“Soul care certainly includes time alone with your Creator, responding to His invitations fragrant with kindness and truth. And it includes time with life-giving, stimulating friends. It includes repotting plants or sewing a pillow or jumping into freezing cold water or painting a wall or watching the sun rise or building a boat or lip syncing or whatever else makes your heart soar.”

    Thanks Patty for giving permission for us to need and want and do this. I don’t know why we need it – something about not having it modelled for us often? But thank you.

    1. Patty Stallings May 1, 2015

      Hi Ellie, I agree that we seem to lack permission to take care of our souls.  It makes my heart happy to promote a culture of encouraging one another to enjoy what God has created us to enjoy!  I think if we understood how very much He loves us and cares for us, we would be able to grasp how delighted He is when we are thriving.

      Ellie, may you experience all the mercy and kindness He longs to lavish on you today!

  6. Jennifer May 1, 2015

    Patti,

    So very true. We feel the need to be strong when God so much wants us to know and understand that he does not need us to be strong, because he alone is our strength. Our strength, our ability to do it all, does not lie within us. One small step at a time he is with us. Recognizing that the sustaining of our souls lies not just in what we might classify as “spiritual” things, because our relationship with God is not just spiritual. He cares for us in all of our lives. He has made us unique. It does us well to recognize the things which really do refresh and sustain us, whatever that is for us, and make the time to do it.  More challenging perhaps is learning to ask for what you need from others too, in this. Still working through how to do that one.

    1. Patty Stallings May 1, 2015

      I love your thoughtful response, Jennifer.  Clearly you have some hard won truths embedded in your soul!  Thank you for sharing.  May He continually give you wisdom in the challenges and joy in His care for you!

  7. ErinMP May 1, 2015

    This hit me right where I am, thank you! I will take time for more soul care…for me that can include reflecting and journaling or prayer journaling, fellowship, emails, funny photos and youtube videos, novels, long walks, and ice cream and coffee (or coffee ice cream, even better!).

    1. Patty Stallings May 1, 2015

      Hi Erin, it hits me right where I am, too!  I like that you know what feeds your soul and are committed to taking time to nourish your soul.  May an abundance of coffee ice cream be yours!  🙂

      1. ErinMP May 1, 2015

        Thanks. 🙂

  8. Betty Draper May 1, 2015

    Love it that someone is out there giving direction for “soul care”.  My husband and I are Member Care reps for our overseas work covering five southern states.  We go meet overseas workers home on furlough to see how their soul is doing.  We know  because we served in two countries how exhausting ministry can be and how fast thing move when you return to the states.   You are pressured to give updates to those who supported you  while over seas, pressured by family and friends to connect with them, pressure  by the needs of your children which leave very little time for yourself.   We also know that time and maturity will teach that if we don’t come apart we will come apart, literally.   There is seasons of being busy, when kids are little, and ministry is just getting started.  Yet we try to help them  understand in each season of life you must build into it time to be fed, to get refreshed, to care for your own soul.  One thing I really like about aging is I no longer dance to anyone else beat, just my Lord and He leads me into rest and you know what, I take it when it comes.  Great post.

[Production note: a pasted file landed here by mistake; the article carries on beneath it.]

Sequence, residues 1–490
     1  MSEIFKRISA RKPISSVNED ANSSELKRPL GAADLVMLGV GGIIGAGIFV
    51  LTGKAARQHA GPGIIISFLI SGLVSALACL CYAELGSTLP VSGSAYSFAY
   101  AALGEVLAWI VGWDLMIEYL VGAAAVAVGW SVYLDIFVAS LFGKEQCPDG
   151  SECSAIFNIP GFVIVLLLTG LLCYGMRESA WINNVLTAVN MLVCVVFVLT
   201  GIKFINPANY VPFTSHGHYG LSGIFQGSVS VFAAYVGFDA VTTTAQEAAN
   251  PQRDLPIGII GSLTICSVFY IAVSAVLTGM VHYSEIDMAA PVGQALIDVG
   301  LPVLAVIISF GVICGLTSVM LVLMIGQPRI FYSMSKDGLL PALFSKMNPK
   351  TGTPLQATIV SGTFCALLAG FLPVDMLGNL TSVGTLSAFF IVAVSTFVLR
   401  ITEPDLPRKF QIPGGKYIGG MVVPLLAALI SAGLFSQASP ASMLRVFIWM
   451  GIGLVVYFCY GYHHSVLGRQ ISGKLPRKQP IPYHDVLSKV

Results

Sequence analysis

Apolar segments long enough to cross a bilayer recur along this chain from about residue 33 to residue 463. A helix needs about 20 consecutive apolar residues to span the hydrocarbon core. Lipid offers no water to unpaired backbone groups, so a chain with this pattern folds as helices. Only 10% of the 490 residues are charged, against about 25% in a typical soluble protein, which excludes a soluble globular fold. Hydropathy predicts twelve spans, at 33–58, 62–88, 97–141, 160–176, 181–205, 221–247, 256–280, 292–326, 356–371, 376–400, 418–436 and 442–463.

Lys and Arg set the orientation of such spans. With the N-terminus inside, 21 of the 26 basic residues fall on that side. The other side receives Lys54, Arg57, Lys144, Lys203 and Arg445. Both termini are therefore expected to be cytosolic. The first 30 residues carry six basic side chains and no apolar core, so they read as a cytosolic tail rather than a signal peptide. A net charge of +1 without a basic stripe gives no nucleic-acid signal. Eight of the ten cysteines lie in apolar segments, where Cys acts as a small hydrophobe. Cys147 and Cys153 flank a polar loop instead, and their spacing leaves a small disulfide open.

1. Patty Stallings May 1, 2015

      Betty, thank you for sharing your wisdom here!  And thank you for providing member care.  Shepherding the hearts of those who serve is quite a privilege, isn’t it?

      Your commitment to dancing with Him is a great model for others!   Be blessed today, Betty!

  9. ErinMP May 3, 2015

    “It was my job, I suddenly realized, to understand how difficult, how dangerous and how incredibly enriching international humanitarian work can prove. It was my job to convince humanitarian workers that unless they consistently pay attention to caring for themselves while they’re working to care for others, they will be lucky to last for three years before returning home spent, disillusioned and possibly traumatized. It was my job to know that about a quarter of humanitarians working outside the developed world can expect to undergo a life-threatening experience during their assignment. And it was my job to know what could help when these most horrendous events – the carjackings, kidnappings, land mines, shootings and tsunamis of life – blindside us on a pedestrian Tuesday afternoon.”

    McKay, Lisa (2012-05-15). Love at the Speed of Email: A Memoir (pp. 37-38). Karinya Publishing. Kindle Edition.

    Focus on the remedy…soul care!

    1. Patty Stallings May 3, 2015

      Thank you for sharing this, Erin.  Be blessed!

  10. Monica F May 7, 2015

    Are you dragging your fatigued, hurried, living-on-fumes self to tackle herculean tasks? What if you showed up tomorrow nourished by the One who is peace, rest, joy? If you brought a rested, nurtured, centered soul indwelled by the presence of Jesus to the ones you serve? What difference would it make for others to experience the power of your rested soul?

    This quote is going in my journal!  I have always been that person running from one thing to the next, serving here, serving there….to the point of exhaustion… but still running.  I’m thankful that the Lord has slowed me down and is teaching me to ‘breathe’ and to ‘be still’.  Still struggle with the idea of ‘caring for myself’…deeper stuff there, but know that my running around can do a lot more damage than good.  Thank you for this beautiful post!

    1. Patty Stallings May 8, 2015

      Dear Monica, I too am a recovering runner and know how hard it is to sit, breathe, quiet my soul.  But once you get a taste of His rest, it becomes irresistible, right?  A thought that keeps me on the path fragrant with His rest and kindness is knowing those I serve need far more than I can offer in my own strength and wisdom.  What they need most is to encounter the Presence of Jesus.  What a privilege to be the bearer of His Presence!